To Choose or Not to Choose

I realized a long time ago that if someone made a pleasant remark about something of mine, there was a hidden meaning. Determining the meaning was the next step in knowing how to react. Sometimes, salespeople will falsely flatter you to move you closer to a sale. When my ego needs boosting, it is fun to go shopping, try on something and then ask the salespeople what they think. Complete strangers often find something nice to say in these situations and the comments are universally good.

Shopping with a true girlfriend will get you a little closer to the truth, especially if they have the good sense to take you by the hand and steer you toward a different rack, another department or lunch. I accused Mags of using a code when we shopped together. Whenever I started sorting through clothing that was not in my best interest to wear, she often became light-headed and needed a soft drink and a chance to sit down and chat. It took me a while to make the connection, but I gradually followed her lead better and there were less frequent interruptions in shopping.

I find the real truth comes from grocery store cashiers and other shoppers. While perusing which chicken to purchase at Martel’s, another shopper started a conversation with me about roasters. We shared some thoughts on how versatile they were and ideas on whether a lemon inside of the cavity really added any flavor. I personally add a cut up onion. As I turned back to my shopping cart, the shopper must have noticed my handbag. She animatedly let me know how pretty it was and leaned in closer to ask me where I bought it. Her interest was genuine and I could see in her eyes that she earnestly liked it. I pondered for a split second whether to tell her but realized that information was not top secret and told her the name of the shop. She told me that she shopped there often and had not seen it but would definitely check back to see if they had any more like it. It was unlikely we would ever be in the same place at the same time with matching handbags. And it is a really cute bag.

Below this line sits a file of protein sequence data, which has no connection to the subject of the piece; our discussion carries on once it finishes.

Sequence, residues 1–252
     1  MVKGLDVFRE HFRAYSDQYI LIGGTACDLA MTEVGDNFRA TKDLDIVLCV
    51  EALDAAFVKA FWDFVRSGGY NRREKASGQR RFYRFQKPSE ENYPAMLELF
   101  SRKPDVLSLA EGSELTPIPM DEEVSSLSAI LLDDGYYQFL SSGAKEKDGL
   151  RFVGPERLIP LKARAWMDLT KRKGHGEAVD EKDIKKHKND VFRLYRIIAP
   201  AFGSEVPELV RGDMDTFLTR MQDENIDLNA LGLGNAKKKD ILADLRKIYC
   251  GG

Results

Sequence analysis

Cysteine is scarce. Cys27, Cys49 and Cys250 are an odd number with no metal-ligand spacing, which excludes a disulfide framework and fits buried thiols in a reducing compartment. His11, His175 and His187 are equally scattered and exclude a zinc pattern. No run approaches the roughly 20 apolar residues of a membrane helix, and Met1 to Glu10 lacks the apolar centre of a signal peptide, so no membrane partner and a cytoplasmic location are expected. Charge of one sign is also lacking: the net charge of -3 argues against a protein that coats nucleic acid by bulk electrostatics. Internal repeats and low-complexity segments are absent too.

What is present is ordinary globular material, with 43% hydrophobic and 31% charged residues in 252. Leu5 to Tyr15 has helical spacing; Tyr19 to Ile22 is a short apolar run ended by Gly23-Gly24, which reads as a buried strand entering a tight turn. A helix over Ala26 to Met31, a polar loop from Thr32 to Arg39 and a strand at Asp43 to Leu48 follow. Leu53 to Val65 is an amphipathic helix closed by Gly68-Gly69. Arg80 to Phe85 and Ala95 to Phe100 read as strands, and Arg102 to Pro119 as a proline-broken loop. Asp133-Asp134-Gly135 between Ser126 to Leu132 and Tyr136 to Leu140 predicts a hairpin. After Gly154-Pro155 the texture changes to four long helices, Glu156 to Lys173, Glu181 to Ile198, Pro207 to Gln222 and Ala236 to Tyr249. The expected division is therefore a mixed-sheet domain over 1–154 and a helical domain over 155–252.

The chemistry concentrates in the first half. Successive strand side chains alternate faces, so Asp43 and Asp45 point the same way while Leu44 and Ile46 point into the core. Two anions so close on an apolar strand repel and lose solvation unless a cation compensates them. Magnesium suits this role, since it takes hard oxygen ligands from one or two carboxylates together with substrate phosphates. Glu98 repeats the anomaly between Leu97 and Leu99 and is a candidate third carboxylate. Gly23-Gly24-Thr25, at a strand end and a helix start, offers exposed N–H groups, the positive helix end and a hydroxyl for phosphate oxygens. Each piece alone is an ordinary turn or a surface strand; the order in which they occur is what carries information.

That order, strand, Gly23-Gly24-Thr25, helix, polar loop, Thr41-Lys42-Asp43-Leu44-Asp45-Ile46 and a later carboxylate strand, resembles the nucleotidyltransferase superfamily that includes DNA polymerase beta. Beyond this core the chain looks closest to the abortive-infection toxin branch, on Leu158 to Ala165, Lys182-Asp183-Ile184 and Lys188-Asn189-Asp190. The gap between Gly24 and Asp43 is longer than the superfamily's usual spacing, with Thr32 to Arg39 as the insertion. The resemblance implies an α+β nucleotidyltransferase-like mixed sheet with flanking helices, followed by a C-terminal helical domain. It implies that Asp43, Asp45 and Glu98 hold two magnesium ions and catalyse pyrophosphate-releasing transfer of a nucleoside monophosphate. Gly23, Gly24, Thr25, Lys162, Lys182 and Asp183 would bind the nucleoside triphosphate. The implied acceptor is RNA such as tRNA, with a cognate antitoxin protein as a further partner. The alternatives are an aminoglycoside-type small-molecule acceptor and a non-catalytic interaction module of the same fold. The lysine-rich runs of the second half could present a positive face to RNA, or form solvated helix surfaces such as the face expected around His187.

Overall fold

In the checkout line, I exchanged pleasantries with the cashier and after she had rung in my purchases, I reached into my handbag to get some cash. The cashier leaned over a little and looked at my handbag.  She smiled and made a remark on how adorable it was.  This bag must have special powers to make people happy. I thanked her for the comment and told her right away where I bought it. She hadn’t even asked, but there was no need to hide the knowledge in case she shopped there too.

That afternoon, I was holding dresses in front of myself as I checked my full-length mirror. I could not decide between two of them as Junior came in to ask me a question. He must have been standing and watching me before I noticed his presence. After he cleared his throat, I turned to ask him what he thought. Junior told me to do what he does when he has important decisions to make. I put down the dresses and turned my attention toward him. My son had a method to make decisions. Stevie fished into his pocket and pulled out a bottle cap, a small rock, an army soldier and a small coin. He asked me to choose heads or tails and I chose heads. He looked at the dresses and tossed the coin onto his other hand, covering it for the big reveal. I looked at his hand as he showed me the coin and he said to choose the red dress. I picked up the dress and held it up for his approval. He smiled and told me that I looked pretty. There cannot be higher praise. I hung up the dresses and invited Junior to the kitchen for a special treat as a thank you.

Decisions can be made in many ways. and random choices work out most of the time. What Junior reminded me was not to take myself too seriously. That will probably leave me more time for bigger decisions. What a bright kid; he didn’t have to give his own opinion of the dress. I wonder if that is why Steve always seems to get busy when I ask him to help me choose. Maybe Steve needs a lucky coin.


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